For a bonus, turn this into a double feature with “The Last Detail,” the fantastic film that starring Jack Nicholson and Randy Quaid from which this film takes its inspiration.
4.) “Not a War Story” (rated R). This documentary is truly like no other. It follows the making of the independent action film “Range 15.” What’s unique about the movie is it was made mainly by veterans.
Tired of being defined by their service or injuries or valor, these veterans decide to use their experience and injuries to create the types of films that kept them entertained while they were overseas during their service. This one happens to be about a zombie apocalypse. Some stars stop by the set to help out — such as William Shatner and Danny Trejo — and watching them connect with the veterans on set shows the exact kind of connections civilians should be making to veterans every day.
The blood, sweat and tears put into this film also shows the unbreakable camaraderie of service, the humor of brotherhood, and the passion and work ethic many veterans are instilled with, thanks to their time in the service.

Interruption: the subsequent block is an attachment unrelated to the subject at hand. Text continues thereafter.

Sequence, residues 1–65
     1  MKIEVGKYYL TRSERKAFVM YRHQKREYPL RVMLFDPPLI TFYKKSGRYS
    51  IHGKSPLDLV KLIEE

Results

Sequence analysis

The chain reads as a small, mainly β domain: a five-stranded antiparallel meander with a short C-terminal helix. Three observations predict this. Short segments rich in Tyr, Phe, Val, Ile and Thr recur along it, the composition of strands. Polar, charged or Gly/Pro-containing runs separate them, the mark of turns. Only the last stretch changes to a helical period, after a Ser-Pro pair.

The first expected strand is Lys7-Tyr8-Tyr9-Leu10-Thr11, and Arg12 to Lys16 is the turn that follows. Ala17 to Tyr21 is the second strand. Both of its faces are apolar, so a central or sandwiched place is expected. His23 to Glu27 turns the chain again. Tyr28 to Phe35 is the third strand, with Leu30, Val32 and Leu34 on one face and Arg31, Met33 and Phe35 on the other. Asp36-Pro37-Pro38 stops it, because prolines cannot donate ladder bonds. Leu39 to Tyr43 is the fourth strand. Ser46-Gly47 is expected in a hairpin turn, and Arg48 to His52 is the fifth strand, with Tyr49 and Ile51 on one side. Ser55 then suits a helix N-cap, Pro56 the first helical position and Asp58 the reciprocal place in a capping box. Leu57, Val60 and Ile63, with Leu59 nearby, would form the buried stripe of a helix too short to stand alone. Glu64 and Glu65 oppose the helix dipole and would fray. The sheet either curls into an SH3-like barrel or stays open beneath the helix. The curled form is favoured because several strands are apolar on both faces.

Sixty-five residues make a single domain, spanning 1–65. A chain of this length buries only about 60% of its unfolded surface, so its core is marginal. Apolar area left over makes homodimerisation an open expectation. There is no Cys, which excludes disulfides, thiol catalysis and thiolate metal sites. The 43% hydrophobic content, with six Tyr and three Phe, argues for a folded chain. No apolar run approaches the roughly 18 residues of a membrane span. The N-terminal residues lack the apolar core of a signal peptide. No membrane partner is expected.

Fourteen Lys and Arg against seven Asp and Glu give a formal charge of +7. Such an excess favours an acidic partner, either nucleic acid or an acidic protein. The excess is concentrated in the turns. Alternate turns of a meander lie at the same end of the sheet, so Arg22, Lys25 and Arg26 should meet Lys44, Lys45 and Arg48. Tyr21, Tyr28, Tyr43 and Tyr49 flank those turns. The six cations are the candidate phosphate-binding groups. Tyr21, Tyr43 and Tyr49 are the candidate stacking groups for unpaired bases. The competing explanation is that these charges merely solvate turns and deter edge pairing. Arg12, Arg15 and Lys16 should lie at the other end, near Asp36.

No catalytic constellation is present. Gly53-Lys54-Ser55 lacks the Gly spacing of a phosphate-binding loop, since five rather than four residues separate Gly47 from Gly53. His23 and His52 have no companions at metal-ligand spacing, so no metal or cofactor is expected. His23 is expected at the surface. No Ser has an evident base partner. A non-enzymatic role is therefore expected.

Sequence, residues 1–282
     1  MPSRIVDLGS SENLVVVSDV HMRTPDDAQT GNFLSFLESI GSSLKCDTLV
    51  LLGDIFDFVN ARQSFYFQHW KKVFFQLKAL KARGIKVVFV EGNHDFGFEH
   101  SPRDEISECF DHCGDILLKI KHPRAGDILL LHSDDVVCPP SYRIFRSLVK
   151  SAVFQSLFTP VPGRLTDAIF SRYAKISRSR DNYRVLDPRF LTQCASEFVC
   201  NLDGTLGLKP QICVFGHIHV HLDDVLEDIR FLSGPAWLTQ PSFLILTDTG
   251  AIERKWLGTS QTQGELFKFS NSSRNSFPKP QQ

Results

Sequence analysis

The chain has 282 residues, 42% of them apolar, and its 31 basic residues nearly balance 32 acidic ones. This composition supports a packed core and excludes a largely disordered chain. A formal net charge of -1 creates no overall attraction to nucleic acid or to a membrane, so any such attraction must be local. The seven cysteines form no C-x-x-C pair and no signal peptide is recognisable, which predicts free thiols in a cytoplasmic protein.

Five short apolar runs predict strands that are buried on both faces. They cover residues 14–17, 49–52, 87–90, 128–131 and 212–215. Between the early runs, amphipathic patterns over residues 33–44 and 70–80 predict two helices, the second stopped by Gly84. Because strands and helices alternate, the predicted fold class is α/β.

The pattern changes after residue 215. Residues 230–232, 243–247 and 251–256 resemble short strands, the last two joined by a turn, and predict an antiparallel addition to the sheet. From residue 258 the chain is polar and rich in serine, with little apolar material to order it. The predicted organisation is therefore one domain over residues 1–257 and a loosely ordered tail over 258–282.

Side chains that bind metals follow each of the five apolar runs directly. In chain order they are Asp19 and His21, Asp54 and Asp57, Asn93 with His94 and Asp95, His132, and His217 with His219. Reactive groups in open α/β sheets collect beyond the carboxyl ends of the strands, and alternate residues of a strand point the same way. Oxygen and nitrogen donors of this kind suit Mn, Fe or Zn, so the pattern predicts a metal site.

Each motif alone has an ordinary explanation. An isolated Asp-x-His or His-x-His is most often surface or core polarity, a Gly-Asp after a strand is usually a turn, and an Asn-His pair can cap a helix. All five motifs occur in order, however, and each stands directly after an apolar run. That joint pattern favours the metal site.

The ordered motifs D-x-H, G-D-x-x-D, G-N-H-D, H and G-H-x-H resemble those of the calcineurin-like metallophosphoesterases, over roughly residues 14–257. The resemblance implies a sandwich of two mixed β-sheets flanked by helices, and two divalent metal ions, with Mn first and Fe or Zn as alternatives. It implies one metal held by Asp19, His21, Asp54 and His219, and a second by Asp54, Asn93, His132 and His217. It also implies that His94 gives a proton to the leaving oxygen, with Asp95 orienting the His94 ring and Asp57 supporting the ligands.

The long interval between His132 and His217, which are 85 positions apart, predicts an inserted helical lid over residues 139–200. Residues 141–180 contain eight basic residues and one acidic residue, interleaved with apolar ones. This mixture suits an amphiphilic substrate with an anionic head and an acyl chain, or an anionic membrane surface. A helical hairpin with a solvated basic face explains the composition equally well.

“Not a War Story” is a funny and eye-opening film that everybody should watch.
“It’s not about a movie. It’s about the military community coming together in a way that most of us haven’t done since we wore the uniform. We needed this project as a community. It was the impossible task,”producer Nick Palisciano told LifeZette about the unique film in a 2017 interview. “To go from no Hollywood experience and no money to raising $1.5 million and shooting a movie with William Shatner, Keith David, Sean Astin, Randy Couture, and Danny Trejo and then hitting the top of the charts on iTunes and Amazon — you either needed the military community or John Wick. John was unavailable.”
5.) “Thank You for Your Service” (rated R). This Miles Teller-starring film flew under the radar when it was released in 2017. It earned strong reviews but audiences mostly ignored it. That’s a shame, as it’s an honest and powerful piece of work.
What should sell people on this movie is the fact that it was written and directed by Jason Hall, who previously scripted Clint Eastwood’s “American Sniper.”
With “Sniper” and this film, Hall did his research; he spent a lot of time around people who have served — the on-screen work shows this in spades. “Thank You for Your Service” follows the journey of three veterans of the Iraq War (lead by Miles Teller) as they head home and try to reintegrate into civilian life.